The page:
The Write Space is a monthly Q&A series from Creative Collective covering a local writer and a North Shore space(s) s/he associates with writing. Questions? Contact: email@example.com.
Give us your best writerly bio.
My art and stories were first reproduced by my teacher from her classroom mimeograph machine when I was in kindergarten. She handed copies to my 5-year old peers and I’ve been hooked on publishing for young readers ever since. These days I’ve created over 25 picture books; having written and illustrated Breathe, The Boy Who Cried Bigfoot and I’ve illustrated Spoon by Amy Krouse Rosenthal, most recently Misunderstood Shark by Ame Dyckman and the New York Times best-selling Rescue & Jessica A Life-Changing Friendship with Jessica Kensky and Patrick Downes. I’m a husband to a librarian and dad to two boys, both voracious readers. We go on lots of adventures together on the North Shore and beyond.
Tell us about a North Shore Write Space.
I like working a in a couple of places in and around Reading but mostly I’m in my home studio. I’ve got tons of legos, books, toys and relics from my own childhood there (alas, no vintage mimeograph machine yet) that make me feel at home and in the right frame of mind to create. Music’s in the air there too. I also try to work outside from my backyard patio—but when I need some true solitude I’ve a hilly spot in the town forest where I’ll sometimes write and sketch. The hill is covered with tall pine trees and the canopy is dozens of feet overhead; from the canopy to the ground below is free of branches and open air—like you’re on a hill of chimneys. Its beautiful and quiet except for the squawking jays and creak of the old trees bending in the wind. Its secluded; I’ve seen deer walk by. If I need some bustle and background noise I’ll do the cafe thing on Main Street and go to Caffe Nero. One can be a country mouse or city mouse around Reading and I like that balance.
When I’m in the North Shore, not writing, I’m …
I run most every day of the week around Reading: in our town forest, down Main Street. I especially love running from my house to, around and back from Lake Quannapowitt in Wakefield. Its about 10 mile route. During my long marathon training this summer I ran the trails and roads of Harold Parker State Park.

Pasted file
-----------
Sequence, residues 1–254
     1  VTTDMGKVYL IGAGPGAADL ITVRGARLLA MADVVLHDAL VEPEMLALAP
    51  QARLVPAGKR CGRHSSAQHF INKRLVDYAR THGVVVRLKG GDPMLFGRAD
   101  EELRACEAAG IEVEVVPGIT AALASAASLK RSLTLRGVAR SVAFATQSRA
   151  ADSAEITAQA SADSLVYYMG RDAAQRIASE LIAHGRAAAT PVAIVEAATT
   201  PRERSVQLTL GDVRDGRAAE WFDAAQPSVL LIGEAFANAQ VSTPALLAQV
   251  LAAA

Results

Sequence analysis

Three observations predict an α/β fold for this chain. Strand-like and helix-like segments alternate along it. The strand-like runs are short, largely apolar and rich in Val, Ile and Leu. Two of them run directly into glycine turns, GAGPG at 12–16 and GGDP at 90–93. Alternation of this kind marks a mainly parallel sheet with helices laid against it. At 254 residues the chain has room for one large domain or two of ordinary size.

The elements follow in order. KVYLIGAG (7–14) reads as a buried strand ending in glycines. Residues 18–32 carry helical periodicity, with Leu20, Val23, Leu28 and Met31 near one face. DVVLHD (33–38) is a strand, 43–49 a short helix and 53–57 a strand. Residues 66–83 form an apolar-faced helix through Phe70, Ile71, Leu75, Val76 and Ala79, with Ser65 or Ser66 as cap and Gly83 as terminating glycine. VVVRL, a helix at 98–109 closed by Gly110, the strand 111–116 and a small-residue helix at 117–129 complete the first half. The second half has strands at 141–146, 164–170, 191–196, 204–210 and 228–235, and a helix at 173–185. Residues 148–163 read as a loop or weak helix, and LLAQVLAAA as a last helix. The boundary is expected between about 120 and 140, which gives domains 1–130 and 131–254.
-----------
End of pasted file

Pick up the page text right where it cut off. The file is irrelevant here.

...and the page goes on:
What are you working on now?
I’m working on the illustrations for a book by the late great Amy Krouse Rosenthal. Its the third book in a series that began in 2007 with Spoon, continued in 2012 with Chopsticks—and now, the last: Straw, out in 2019. Each book in the series uses what’s special about each utensil to tell a relatable and relevant and very punny story. In Spoon it was about a spoon that was envious of what fork and knife could do—but by the end of the story Spoon learns to appreciate his talents—diving headfirst into ice cream among them for instance—that no other utensil could or would do. In Straw the title character drinks up life very quickly missing out on the sublime. After one chilling experience though he learns to slow down and savor the wonder in simplest things—finding the awe. In Straw’s case it could be the rainbow in a bubble or the reddest strawberry at the top of a milkshake for example. Readers will see a young reader and themselves in Straw. Its been fun to go back and draw these characters once more—I hope Amy would have been proud of how it comes out.
And finally . . .
I’ll soon be working on a book about a Mars Rover by Kristin L. Gray for Random House to be published in 2020. And I’ve written a new picture book; its called Linus the Little Yellow Pencil. Its about a pencil who loves to draw and wants to enter the art supply family art show—but every drawing he creates, Ernie, his eraser, erases it. “Its not good enough!” He exclaims. What big idea will draw these two together? Pencil this one in for Fall 2019 and find out.